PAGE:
The Forest Practices Board found some problems with a woodlot near Meadow Creek (not the one pictured).

The Forest Practices Board found some problems with a woodlot near Meadow Creek (not the one pictured).

Meadow Creek woodlot receives mixed review

An audit of a woodlot north of Meadow Creek has found the licensee complied with some legislation not but not all.

An audit of a woodlot north of Meadow Creek has found the licensee complied with BC’s forestry legislation for some activities but didn’t meet legal requirements in others.

“The auditors found that the woodlot licensee did not ensure a bridge was safe for industrial users and did not report its woodlot activities to government by the required date or in the required manner,” said Forest Practices Board chair Tim Ryan.

“Both of these instances did not comply with the Forest and Range Practices Act. The woodlot licensee also needs to improve practices in riparian areas to ensure fish habitat is protected.

The audit examined planning, timber harvesting, road construction and maintenance, silviculture and fire protection activities conducted between September 2013 and September 2015 in woodlot 436, northwest of Meadow Creek, held by Duncan Stanley Lake and Yvonne Boyd.

Since the audit took place, the licensee has taken steps to correct the issues that were found.

The audit found, except for bridge maintenance and annual reporting, planning and practices generally complied with the Forest and Range Practices Act and the Wildfire Act. The audit also identified an area requiring improvement related to riparian management.

Auditors found a bridge with rot in its substructure, which is a potential safety hazard. The licensee had not assessed the bridge for load-bearing strength nor posted any load restriction or bridge approach signs. This created a safety hazard and was not in compliance with regulations.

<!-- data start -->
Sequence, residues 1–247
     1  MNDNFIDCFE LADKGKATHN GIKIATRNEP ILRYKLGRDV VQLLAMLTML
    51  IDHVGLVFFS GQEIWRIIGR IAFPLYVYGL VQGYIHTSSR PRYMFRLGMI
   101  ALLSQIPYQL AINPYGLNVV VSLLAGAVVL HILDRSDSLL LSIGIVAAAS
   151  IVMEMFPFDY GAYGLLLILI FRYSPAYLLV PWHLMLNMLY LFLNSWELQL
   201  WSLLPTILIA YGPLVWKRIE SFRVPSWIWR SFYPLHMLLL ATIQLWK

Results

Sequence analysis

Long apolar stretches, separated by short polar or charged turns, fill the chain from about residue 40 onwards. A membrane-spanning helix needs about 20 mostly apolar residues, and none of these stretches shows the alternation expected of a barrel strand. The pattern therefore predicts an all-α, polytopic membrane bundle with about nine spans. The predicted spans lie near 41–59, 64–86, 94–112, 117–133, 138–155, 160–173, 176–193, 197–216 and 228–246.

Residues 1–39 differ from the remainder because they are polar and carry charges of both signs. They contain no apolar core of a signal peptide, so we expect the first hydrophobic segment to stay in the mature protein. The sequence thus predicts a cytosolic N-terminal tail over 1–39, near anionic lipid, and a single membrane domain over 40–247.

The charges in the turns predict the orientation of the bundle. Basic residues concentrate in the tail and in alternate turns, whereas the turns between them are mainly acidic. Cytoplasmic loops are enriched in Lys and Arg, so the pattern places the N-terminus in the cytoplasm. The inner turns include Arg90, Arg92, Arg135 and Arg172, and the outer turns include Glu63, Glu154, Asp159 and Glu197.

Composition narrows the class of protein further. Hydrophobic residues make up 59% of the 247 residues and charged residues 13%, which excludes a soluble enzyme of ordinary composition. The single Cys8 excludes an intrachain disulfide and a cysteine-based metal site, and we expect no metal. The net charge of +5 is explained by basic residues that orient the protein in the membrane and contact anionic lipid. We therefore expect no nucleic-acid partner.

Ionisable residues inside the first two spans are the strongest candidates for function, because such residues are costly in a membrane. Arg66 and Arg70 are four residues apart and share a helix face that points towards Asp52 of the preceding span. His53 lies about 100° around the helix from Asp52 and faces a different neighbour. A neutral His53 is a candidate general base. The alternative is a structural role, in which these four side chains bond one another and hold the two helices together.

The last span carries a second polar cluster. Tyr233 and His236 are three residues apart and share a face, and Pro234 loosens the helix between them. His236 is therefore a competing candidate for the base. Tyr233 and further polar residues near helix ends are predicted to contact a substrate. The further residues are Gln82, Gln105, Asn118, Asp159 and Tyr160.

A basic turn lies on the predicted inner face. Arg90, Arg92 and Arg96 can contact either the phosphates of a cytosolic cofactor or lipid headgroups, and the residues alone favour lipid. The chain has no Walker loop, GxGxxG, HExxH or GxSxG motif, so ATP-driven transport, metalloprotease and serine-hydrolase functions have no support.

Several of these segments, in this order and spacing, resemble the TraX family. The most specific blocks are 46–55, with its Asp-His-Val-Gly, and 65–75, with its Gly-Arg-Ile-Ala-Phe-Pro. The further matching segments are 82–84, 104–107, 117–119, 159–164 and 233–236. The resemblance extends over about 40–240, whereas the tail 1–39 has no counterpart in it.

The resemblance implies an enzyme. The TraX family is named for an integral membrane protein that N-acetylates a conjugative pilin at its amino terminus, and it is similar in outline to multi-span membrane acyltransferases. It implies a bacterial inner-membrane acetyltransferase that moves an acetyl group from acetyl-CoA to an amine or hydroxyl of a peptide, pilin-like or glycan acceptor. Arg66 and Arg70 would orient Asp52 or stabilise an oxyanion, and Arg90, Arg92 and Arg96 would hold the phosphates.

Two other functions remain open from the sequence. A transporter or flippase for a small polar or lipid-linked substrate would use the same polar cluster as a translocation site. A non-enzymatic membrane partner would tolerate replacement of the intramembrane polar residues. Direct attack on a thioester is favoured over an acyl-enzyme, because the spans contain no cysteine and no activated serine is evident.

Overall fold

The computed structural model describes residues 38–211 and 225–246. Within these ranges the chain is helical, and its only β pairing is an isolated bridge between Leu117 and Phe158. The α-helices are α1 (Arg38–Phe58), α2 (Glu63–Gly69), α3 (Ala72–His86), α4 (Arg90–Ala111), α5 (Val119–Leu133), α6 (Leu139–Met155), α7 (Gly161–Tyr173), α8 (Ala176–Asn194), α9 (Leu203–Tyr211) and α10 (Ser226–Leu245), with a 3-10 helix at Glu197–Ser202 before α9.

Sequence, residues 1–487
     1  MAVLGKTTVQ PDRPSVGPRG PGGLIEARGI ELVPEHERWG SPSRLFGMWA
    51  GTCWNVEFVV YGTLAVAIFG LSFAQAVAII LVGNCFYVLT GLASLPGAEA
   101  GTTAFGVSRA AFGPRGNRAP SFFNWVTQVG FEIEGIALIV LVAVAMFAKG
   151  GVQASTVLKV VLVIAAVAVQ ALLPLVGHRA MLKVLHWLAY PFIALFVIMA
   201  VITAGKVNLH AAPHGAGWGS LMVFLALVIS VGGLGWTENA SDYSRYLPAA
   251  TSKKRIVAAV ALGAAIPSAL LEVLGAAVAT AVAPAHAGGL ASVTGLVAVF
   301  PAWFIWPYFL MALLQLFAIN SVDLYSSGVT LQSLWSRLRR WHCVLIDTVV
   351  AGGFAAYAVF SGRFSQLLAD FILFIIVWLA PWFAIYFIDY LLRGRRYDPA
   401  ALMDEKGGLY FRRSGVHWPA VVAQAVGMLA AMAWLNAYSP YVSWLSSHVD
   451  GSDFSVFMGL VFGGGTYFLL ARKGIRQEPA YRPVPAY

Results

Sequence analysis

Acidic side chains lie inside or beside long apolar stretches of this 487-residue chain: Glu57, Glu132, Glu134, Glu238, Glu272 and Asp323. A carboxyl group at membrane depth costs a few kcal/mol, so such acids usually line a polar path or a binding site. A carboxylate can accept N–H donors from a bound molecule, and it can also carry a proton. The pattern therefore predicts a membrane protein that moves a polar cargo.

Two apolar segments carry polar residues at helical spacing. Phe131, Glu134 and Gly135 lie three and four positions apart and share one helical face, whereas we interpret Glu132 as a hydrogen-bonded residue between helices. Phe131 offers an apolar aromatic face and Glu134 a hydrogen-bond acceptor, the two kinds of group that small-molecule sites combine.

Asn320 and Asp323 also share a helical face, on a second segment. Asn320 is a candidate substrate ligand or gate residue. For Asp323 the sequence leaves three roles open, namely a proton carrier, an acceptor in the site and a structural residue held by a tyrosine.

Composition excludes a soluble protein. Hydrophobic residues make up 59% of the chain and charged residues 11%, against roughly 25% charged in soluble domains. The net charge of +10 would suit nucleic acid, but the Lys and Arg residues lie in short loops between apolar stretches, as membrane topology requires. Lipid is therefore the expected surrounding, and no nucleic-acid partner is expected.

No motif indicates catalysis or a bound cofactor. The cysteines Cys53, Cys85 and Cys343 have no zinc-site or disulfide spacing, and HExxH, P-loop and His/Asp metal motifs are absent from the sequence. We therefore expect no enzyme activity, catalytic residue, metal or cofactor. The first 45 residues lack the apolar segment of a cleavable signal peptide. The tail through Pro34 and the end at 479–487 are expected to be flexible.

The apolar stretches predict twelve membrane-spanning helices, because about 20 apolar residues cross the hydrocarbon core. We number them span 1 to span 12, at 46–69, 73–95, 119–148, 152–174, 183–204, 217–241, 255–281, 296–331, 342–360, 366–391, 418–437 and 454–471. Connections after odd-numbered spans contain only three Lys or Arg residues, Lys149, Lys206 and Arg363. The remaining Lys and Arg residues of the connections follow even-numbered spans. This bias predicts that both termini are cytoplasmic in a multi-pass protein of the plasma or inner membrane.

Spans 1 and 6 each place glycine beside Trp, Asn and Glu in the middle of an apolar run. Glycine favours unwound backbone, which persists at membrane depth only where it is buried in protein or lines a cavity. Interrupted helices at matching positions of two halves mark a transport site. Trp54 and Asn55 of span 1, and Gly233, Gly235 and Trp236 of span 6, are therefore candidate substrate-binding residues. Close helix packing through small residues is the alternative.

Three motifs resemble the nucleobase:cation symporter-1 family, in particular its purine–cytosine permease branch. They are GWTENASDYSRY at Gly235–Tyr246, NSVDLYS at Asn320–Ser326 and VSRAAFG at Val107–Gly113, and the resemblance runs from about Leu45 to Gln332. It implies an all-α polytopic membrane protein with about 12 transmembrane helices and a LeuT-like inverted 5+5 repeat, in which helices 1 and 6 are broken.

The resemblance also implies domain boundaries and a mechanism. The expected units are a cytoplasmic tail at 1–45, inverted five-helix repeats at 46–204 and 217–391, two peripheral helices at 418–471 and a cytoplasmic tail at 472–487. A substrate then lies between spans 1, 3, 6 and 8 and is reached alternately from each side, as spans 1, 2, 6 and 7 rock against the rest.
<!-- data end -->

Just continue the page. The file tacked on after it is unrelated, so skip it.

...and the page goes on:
Auditors also found the licensee didn’t meet submission deadlines or specification requirements for its annual reports. The board said these practices were “pervasive” and didn’t assure good silviculture practices and therefore were considered a significant non-compliance.

Auditors also found the licensee re-classified a fish stream as non-fish bearing but had not collected enough information to support the classification. The licensee should have managed the stream as if it was fish bearing, requiring a 20-metre riparian reserve zone. The licensee harvested trees in the riparian reserve zone. While minimal harm resulted, this practice increased the risk of harm to fish or fish habitat and is considered an area requiring improvement.

The Forest Practices Board is BC’s independent watchdog for sound forest and range practices. The board audits forest and range practices on public lands and appropriateness of government enforcement. It can also make recommendations for improvement to practices and legislation.